BMW E21 3-Series with Mazda 231bhp rotary engine


E21 Beemer with Mazda RX-8 rotary engine. Home built on the cheap


Contrary to the laws of car improvement, you don’t have to replace your small engine with a larger one to gain a performance advantage. Sometimes you just need to think of a different type of powerplant. Dan Hargrave bought this 1981 BMW 316 back in 2013, ‘I was commuting a short distance to work, didn’t need a daily driver, so fancied an interesting car on a budget of £1500,’ explains Dan. ‘I was really after an E30 BMW but then saw this E21 on the Retro Rides website for £2000. I phoned but the seller was firm on his price. Sometime later I was visiting friends in London and out of the blue the guy called offering me the car for £1200 but I had to collect it that day.’ Result.


The 316s had a 90bhp, 1.6-litre engine until 1980 when, although they were still badged 316, the cars were actually fitted with 89bhp, 1.8-litre engines. ‘I drove it about for a year and tried to get a bit more power out of it with a swap to a Weber carb. Then I took it off the road for winter and dropped in a 140bhp 1.8-litre M42 engine from a 1997 BMW E36. That was more fun, but it was still quite tame. The following winter it came off the road for Polybushes and I decided that January it needed a different engine.’ Dan didn’t fancy going any tried and tested routes though.

‘The 2.5-litre BMW six-cylinder conversions have been done to death on the E21 and once fitted there’s virtually no room under the bonnet and about an inch of space around the radiator.’ The switch to a rotary powerplant came about because Dan and his father John had decided to retire their track car ‘54 plate Mazda RX8 in favour of a MINI Cooper. ‘We’d had the RX8 for three years and couldn’t find anyone to buy it, even for £600. So I paid my dad half the Mazda’s value and started to strip it.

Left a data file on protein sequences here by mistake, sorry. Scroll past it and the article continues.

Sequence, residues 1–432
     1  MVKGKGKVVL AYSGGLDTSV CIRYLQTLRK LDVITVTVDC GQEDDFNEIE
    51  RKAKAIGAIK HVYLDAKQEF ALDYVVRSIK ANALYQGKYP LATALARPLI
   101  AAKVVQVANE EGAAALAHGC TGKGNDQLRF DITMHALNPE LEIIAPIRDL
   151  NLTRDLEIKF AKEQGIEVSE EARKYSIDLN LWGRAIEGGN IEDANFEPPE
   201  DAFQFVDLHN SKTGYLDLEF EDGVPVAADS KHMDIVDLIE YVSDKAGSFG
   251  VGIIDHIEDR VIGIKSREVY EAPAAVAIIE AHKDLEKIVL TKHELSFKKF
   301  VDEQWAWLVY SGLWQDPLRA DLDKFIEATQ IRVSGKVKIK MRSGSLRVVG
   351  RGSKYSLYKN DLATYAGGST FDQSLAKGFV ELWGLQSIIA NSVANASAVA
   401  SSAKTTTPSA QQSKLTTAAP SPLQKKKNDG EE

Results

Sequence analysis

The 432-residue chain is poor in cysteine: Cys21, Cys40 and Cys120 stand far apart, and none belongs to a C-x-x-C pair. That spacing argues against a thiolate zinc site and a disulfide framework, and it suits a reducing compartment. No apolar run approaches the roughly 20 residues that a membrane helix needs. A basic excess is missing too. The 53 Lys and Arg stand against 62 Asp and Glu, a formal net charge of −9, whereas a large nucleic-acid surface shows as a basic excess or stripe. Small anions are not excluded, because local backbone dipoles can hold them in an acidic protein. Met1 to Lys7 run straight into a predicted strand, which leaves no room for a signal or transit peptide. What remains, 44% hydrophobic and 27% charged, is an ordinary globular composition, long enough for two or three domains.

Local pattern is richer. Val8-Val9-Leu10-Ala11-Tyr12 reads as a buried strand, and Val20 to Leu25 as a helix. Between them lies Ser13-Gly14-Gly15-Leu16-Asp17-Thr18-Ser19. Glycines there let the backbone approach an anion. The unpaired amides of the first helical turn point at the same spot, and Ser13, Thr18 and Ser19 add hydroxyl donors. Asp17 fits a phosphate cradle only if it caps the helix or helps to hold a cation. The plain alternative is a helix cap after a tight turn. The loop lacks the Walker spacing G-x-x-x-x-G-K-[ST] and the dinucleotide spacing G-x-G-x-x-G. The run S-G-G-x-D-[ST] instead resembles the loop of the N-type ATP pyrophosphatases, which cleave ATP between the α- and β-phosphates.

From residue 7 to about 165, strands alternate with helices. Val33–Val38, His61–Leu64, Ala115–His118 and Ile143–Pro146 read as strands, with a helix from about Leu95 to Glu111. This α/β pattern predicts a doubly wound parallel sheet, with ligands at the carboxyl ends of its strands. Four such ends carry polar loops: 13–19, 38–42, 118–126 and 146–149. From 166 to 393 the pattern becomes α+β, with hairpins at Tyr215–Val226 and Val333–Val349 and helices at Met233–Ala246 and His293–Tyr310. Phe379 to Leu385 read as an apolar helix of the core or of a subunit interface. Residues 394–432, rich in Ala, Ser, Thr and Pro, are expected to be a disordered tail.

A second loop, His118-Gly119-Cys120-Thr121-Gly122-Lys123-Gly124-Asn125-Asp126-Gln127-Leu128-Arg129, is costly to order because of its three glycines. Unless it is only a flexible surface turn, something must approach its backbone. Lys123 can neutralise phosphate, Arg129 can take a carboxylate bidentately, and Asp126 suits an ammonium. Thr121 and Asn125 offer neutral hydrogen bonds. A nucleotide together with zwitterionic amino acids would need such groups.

‘People ask how hard it was to swap in a 1308cc, 13B-MSP rotary engine and I usually say it was pretty straightforward,’ admits Dan. ‘But since I’ve thought about it all again for this feature I’ve remembered a lot of little things I had to work out.’ The first of those things being engine mounts. ‘The RX8 block was located in the Mazda using mounting arms, one worked fine in the BMW but the offside mount fouled the exhaust manifold, so I had to custom-build one. The Mazda gearbox mount is a beam style that connects to the rear diff which has flexible mounting bushes, I couldn’t make that fit the BMW floorpan when I offered it up, so I’ve solid-mounted the RX8 six-speed gearbox.’


‘Then the Mazda sump fouled the subframe,’ says Dan, ‘the sump was about two-inches deep so I cut it in half, deepened the front to four-inches and made the rear half sit flush against the frame. It’s the same volume but there’s only about three-inches of clearance under it. I had to shave a little off the transmission tunnel to clear the clutch slave cylinder too.’